[YASMIN] The Hybrid City as an Interface

[YASMIN] The Hybrid City as an Interface with Daphne Dragona, Haris Rizopoulos and Iouiliani Theona; moderated by Dimitris Charitos and Martin Rieser.

In the beginning of the 21st century, urban environments, within which social life evolves, are radically being reordered by technological systems and networks. Mobile telephony has restructured the way people socialize within urban space (Plant, 2001). Multi-user virtual environments redefine the meaning of mediated communication by immersing communicating participants into a synthetic spatial context. ICTs and new media may also be used for augmenting physical environments in order to communicate meaning. The contemporary urban environment already incorporates various kinds of representations of reality, communicated to us all via various media and appropriate display systems (most of these representations are visual, i.e. billboards, video projections, wall paintings, closed circuit TV, touch screens, etc). These environments may also incorporate systems that capture visual, auditory, and other types of information regarding human activity and, consequently, utilize this input to affect the process of generating digital representations. The most advanced form of such systems is pervasive and ubiquitous computing systems (Weiser, 1991). It could then be suggested (Charitos, 2005) that the incorporation of information and communication technology (ICT) systems results in an electronic enhancement of the everyday urban environment and that communication with these environments and with other citizens who exist and act within them is mediated by these systems.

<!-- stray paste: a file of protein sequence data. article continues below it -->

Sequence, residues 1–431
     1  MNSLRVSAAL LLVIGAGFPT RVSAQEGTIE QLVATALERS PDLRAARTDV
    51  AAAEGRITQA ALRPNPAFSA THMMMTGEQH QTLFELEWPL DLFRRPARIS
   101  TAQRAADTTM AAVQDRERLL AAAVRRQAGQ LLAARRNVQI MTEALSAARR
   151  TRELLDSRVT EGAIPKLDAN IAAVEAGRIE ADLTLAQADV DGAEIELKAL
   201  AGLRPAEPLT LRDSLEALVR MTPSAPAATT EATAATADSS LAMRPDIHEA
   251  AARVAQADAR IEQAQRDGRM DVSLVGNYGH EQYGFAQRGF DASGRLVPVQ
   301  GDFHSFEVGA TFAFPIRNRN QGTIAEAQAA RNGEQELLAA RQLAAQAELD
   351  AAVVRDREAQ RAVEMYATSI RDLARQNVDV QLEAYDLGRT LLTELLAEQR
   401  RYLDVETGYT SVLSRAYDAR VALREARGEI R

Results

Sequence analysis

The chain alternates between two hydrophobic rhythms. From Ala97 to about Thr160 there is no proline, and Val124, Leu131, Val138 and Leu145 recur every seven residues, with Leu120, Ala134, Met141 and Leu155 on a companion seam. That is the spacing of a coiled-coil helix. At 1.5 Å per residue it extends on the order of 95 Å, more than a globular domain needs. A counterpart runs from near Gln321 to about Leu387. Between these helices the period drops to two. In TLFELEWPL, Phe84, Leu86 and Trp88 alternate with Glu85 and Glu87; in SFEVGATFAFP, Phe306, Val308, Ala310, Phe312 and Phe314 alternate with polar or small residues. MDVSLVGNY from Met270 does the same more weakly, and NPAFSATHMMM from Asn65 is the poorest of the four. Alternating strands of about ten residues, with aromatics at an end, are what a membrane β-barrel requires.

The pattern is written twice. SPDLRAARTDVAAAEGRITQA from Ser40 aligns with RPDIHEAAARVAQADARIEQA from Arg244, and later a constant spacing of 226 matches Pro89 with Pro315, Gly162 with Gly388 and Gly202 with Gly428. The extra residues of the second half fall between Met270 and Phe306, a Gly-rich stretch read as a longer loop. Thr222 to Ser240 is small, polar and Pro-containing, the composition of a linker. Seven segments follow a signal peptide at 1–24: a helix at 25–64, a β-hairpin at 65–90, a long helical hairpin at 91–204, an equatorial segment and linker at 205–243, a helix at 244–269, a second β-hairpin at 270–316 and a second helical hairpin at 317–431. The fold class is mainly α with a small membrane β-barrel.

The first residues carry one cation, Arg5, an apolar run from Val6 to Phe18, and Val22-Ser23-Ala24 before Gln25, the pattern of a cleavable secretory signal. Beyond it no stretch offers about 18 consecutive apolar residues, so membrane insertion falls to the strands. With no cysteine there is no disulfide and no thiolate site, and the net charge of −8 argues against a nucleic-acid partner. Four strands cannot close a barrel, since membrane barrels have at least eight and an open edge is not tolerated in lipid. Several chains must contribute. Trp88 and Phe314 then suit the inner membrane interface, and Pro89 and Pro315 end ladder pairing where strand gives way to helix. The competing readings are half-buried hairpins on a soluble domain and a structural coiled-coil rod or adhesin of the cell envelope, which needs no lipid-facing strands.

The convergence of new mobile telecommunication networks, geographical positioning systems and interactive graphical interfaces on mobile devices, as they are already being utilized in a series of location-based activities, have begun to reveal the potential for new forms of interpersonal communication. These systems may allow groups of people to interact with each other, while being aware of each other’s location at all times via representations on mobile interfaces, which have a predominantly spatial character. The synchronous experience of a mobile spatial interface and of the non-mediated physical environment, ultimately affords a hybrid (synthetic and physical) spatial experience, in the context of which novel forms of social interaction and cultural practices may occur.

Hybrid cities could therefore be seen as spatial interfaces affording experiences which involve both virtual and physical spatial elements and information and which may synchronously support computer-mediated and interpersonal communication. Such emerging types of communication may lead to revolutionary new ways of inhabiting urban space, ultimately transforming the way we perceive, experience and think about our cities and our everyday life within them. These developments certainly call for reconsidering the way in which urban environments are conceived of and designed, by taking into account the incorporation of these ICT systems, since they are inseparably woven into the fabric of everyday life within the urban context. What is even more important, however, is the impact of these phenomena on everyday life in the city, at a social and cultural level.

The Hybrid City as an Interface discussion will attempt to approach a series of issues relating to the emergence of these phenomena and will mainly focus on the following topics:

  • user generated maps & collective cartographies: issues of appropriation and expropriation
  • the internet and the metropolis: similarities between the virtual space and the real space as factories of knowledge and information
  • the city as a gamespace: tracing the playful features of the new modes of interactivity and participation
  • psychogeographies & the contemporary city: discussing the wide use of a 60s situationist notion for the definition of digital city interventions and applications
  • Whose city exactly? Reconsidering spatial production processes through ludic, user inter-actions within the urban context
  • Which side are you on (on the threshold)? Outlining the relations between the virtual and physical experience of the city, as well as the new social dynamics of this hybrid urban context for everyday life.